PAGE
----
The Magic of the PD Companies
If you are an Amiga user you have most probably already
heard of names like 17 Bit Software, Quartz PD or Silver
Software. What have all these companies in common? The answer
is simple - they were all (and some still continue to be),
Public Domain companies.
firms had their greatest time in the early and middle 90's.
They checked mailboxes and BBS's for new software (games,
utilities, demos, etc.) and after getting the software it
was copied onto disks and sold to customers. Often, private
programmers would write directly to the PD companies and
ask whether they would be interested in publishing their
creations. Some PD companies paid money to the authors for
permission to distribute their productions.
see that the method above worked, but this business quite
often had its losers - the software authors themselves!
This is because there were many black sheep in the sector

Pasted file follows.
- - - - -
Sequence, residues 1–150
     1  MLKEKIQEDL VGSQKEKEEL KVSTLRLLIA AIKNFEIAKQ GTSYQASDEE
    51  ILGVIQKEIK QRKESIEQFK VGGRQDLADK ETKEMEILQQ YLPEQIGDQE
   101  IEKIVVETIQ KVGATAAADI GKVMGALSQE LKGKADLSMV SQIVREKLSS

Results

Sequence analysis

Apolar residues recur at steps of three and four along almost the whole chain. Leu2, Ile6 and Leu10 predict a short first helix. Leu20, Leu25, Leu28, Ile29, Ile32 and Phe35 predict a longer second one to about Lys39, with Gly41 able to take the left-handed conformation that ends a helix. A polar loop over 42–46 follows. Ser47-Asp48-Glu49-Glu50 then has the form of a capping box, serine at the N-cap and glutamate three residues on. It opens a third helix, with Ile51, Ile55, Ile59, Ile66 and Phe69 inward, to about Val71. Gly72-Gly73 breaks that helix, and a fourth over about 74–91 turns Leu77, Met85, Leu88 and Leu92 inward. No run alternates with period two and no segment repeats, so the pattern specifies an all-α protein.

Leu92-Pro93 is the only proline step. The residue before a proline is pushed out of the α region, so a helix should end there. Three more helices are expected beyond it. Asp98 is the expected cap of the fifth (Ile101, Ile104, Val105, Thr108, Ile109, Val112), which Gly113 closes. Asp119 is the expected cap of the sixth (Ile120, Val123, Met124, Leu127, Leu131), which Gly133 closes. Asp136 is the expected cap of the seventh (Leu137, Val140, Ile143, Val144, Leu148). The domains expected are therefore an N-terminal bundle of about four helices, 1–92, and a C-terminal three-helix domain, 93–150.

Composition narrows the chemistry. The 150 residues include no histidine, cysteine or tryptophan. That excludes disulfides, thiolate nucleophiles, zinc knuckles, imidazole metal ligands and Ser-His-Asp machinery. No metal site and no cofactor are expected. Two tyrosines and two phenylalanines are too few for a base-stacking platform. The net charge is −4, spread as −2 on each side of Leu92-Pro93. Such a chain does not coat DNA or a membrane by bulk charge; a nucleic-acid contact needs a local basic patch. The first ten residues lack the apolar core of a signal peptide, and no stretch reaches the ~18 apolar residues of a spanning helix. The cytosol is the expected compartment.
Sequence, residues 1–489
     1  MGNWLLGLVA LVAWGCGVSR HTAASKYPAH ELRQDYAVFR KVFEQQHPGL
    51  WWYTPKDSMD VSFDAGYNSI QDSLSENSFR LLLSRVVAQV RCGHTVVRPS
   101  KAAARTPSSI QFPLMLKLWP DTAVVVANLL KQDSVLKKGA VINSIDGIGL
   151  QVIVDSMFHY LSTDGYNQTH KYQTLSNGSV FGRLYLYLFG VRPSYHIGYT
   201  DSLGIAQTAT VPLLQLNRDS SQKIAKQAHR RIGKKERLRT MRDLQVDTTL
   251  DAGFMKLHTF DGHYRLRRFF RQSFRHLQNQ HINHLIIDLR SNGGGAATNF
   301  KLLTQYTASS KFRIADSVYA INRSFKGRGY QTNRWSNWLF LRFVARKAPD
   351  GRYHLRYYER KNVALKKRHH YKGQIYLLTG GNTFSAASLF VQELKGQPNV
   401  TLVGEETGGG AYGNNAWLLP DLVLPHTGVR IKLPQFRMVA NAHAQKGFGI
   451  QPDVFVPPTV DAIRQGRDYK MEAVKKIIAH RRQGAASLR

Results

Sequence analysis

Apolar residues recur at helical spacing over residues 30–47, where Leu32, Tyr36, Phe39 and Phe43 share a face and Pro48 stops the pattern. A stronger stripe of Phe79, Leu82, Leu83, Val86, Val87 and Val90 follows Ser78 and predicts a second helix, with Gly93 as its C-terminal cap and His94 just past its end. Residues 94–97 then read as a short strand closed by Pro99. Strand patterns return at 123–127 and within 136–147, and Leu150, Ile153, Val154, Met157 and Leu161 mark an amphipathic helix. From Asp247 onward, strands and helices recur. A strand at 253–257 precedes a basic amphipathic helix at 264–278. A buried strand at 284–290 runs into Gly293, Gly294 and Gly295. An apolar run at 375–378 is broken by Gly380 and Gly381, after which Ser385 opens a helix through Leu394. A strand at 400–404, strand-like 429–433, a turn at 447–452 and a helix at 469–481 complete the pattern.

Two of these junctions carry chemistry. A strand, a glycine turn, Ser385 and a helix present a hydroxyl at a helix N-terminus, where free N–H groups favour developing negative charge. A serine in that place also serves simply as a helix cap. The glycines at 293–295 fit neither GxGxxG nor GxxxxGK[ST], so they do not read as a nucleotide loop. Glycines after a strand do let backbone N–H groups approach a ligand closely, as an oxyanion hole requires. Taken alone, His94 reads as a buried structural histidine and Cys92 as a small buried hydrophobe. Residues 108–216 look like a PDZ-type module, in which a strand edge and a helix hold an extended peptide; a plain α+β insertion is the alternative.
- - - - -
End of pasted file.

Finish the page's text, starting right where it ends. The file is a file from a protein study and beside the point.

of PD companies - they simply stole someone's work and sold
it! Because of the commercial quality of some games and
tools, many copies were sold and as a consequence, the software
authors (the people who actually wrote the stuff), received
no money for their efforts.
we have the CD-Rom and Internet - the most common enemies
of the Amiga PD companies. Today, very few people are willing
to pay money for disks whose contents are freely distributable
on the Net. For this reason, many of the formerly popular
PD companies like the legendary 17 Bit or Software Center
Bocholt are no longer active.
here in Germany there are still some Amiga PD dealers: For
example Silver Software & Design and Patrick Pawlowski
Software. Silver has a great coloured catalogue with Amiga
PD stuff on disks. Prices are quite fair and you even get
a price reduction if you order 11 disks or more. Pawlowski
is quite expensive and one disk costs 6,50 DM. Good Public
Domain games like Moria even cost 10,00 DM! In my opinion
this is far too expensive.
are finally some scans of old Public Domain adverts:
Text by Bernd Gmeineder, June 2000